And so we can expect that over time other powers will be reluctant contributors to American hegemony, but will never seek to go far enough to threaten it. China or Russia will oppose an aggressive U.S. posture in Iran, but is not interested in seeing the U.S. defeated (or Islamists armed) to the extent that the U.S. withdraws from the world. One of the things that left other nations most fearful in the days after 9/11 was that the U.S. really had been brought low – fatally wounded, unable to maintain its role as the global policeman. It is worth remembering that in those days it was unknown whether worse attacks were coming, and whether the U.S. would even succeed in ousting the Taliban. Now that the imminent threat from the jihad has declined nations feel more comfortable free-riding, and so we can expect to see more of it. This is less true in places where threats still feel real, and so the Japanese are considerably more enthusiastic about aggressive American leadership than the Europeans are. But in general being the global sheriff is a thankless job.

And for Americans an ambiguous one at best. World War I saw the Red Scare and anti-sedition legislation that would never have passed muster in a time of peace, and World War II saw the creation of an immense national-security apparatus (Eisenhower’s “military-industrial complex”) that has only grown since then. The rise of American power, in other words, has coincided with the rise of the surveillance state. Do not kid yourself. It would have been utterly inconceivable to a Jefferson or even a Madison that the government under the guise of national security could collect the path – the number from which the call came, and the number receiving the call – of every phone call in the U.S., as the National Security Agency is said recently to have done. Even if those in the national-security state believe that they are only acting in response to an imminent and great danger, it is in the nature of things that national-security personnel always believe that. It is in their DNA to see threats everywhere, and hence to feel forced to move the goalposts with respect to the security/liberty tradeoff. It is, ultimately, what they are paid to do. The immense opportunity cost of the national security state – the diverted scientific and engineering talent and the tax burden that it necessitates – is also a substantial consideration, albeit ultimately a secondary one.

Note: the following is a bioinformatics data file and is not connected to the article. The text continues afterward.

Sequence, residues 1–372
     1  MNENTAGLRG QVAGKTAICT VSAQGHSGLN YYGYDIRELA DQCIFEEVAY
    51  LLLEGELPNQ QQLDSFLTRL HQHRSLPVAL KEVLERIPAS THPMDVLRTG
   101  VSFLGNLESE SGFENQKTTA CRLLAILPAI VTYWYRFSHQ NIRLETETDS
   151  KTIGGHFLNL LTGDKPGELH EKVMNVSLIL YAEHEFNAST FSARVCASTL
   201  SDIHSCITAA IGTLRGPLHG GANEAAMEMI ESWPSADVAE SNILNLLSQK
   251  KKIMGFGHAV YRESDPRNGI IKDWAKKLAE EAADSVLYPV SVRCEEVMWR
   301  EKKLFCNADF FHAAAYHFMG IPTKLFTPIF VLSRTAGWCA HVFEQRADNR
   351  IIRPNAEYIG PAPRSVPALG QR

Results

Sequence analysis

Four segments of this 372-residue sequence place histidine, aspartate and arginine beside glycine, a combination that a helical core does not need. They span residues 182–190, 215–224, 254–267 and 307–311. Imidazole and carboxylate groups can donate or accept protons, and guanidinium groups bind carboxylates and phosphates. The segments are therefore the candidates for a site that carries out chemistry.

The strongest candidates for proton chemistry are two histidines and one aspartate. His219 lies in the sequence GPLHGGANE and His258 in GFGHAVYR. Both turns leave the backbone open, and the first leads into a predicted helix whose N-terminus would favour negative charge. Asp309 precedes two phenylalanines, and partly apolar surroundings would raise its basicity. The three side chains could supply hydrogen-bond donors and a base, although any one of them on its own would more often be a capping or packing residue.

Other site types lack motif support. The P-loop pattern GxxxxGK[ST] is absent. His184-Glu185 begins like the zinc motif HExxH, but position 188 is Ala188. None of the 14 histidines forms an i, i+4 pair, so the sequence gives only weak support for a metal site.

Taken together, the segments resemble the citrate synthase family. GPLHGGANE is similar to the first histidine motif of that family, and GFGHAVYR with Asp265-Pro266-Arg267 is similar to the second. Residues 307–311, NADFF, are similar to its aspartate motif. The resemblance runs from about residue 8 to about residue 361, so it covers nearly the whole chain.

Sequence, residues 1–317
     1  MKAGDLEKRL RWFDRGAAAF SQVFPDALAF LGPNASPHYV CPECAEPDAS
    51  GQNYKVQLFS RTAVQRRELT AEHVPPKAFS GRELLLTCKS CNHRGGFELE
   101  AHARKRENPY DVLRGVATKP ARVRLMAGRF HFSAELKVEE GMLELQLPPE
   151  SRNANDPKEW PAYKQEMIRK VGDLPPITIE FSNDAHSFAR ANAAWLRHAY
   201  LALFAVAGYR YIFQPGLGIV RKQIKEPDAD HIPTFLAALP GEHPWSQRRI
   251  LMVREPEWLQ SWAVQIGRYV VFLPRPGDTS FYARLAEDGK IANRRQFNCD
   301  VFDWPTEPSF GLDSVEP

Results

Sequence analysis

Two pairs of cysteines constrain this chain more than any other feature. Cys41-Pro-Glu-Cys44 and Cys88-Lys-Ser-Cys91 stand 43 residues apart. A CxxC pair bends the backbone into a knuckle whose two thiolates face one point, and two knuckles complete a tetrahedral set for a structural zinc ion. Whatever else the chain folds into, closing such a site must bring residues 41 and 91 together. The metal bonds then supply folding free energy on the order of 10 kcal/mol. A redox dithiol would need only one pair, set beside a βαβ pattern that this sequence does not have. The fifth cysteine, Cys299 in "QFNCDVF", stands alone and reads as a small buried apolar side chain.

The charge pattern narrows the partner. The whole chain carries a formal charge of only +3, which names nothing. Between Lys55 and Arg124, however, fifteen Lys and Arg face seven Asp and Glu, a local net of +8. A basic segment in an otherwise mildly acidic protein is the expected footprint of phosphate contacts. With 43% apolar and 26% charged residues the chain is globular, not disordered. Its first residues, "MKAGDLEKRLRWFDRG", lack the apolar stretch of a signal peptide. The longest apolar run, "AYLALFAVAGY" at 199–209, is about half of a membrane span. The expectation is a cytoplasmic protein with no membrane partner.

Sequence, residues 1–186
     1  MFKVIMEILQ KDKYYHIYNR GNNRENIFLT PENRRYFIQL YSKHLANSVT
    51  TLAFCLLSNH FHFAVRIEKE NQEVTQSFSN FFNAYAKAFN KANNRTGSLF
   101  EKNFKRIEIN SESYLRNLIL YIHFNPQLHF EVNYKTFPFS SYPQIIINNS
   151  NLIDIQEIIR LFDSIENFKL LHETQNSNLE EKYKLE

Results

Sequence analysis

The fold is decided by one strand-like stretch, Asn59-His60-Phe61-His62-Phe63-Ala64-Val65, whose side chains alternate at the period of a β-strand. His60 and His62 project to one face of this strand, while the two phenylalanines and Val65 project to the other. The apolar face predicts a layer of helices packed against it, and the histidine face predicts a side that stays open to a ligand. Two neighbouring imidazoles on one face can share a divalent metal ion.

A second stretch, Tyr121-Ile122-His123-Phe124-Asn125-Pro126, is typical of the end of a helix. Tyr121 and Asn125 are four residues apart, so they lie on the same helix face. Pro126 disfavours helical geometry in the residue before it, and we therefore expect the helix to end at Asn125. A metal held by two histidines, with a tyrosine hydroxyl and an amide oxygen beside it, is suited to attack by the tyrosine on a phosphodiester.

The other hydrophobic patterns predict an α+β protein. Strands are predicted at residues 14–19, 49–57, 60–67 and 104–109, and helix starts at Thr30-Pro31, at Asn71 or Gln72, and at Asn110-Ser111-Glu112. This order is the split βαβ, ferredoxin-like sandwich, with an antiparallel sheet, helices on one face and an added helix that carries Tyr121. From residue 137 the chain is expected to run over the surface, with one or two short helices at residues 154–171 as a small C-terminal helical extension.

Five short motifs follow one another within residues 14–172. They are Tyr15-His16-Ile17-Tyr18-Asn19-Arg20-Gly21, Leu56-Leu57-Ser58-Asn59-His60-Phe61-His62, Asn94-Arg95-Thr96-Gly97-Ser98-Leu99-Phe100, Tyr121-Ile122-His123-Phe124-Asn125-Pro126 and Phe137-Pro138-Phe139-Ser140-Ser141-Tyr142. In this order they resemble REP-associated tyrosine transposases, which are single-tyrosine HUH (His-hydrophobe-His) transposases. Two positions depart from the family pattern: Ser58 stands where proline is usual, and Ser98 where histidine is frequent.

But what is the alternative? If the U.S. is not the global power, one of two other things must happen. Either, absent a hegemon, the world descends into chaos (which can still be observed on the global periphery in places like Somalia) or someone else becomes the hegemon. And whether that someone else is China or the caliphate or some as-yet unimagined global power, the alternatives offered do not seem very appealing. As a believer in limited government but a realist about man and the world he has built, I see no good choices for the U.S. In an address to Congress in July 2003, when Baghdad had just fallen and the introduction of “democracy” to Iraq seemed like a trivial task for political engineers, Tony Blair gave a speech to the U.S. Congress in which he said that “[a]s Britain knows, all predominant power seems for a time invincible, but in fact, it is transient. The question is, what do you leave behind?". If we don’t leave a global legacy, someone will, and that is what makes the choices for Americans so unappealing.


Post a Comment

<< Home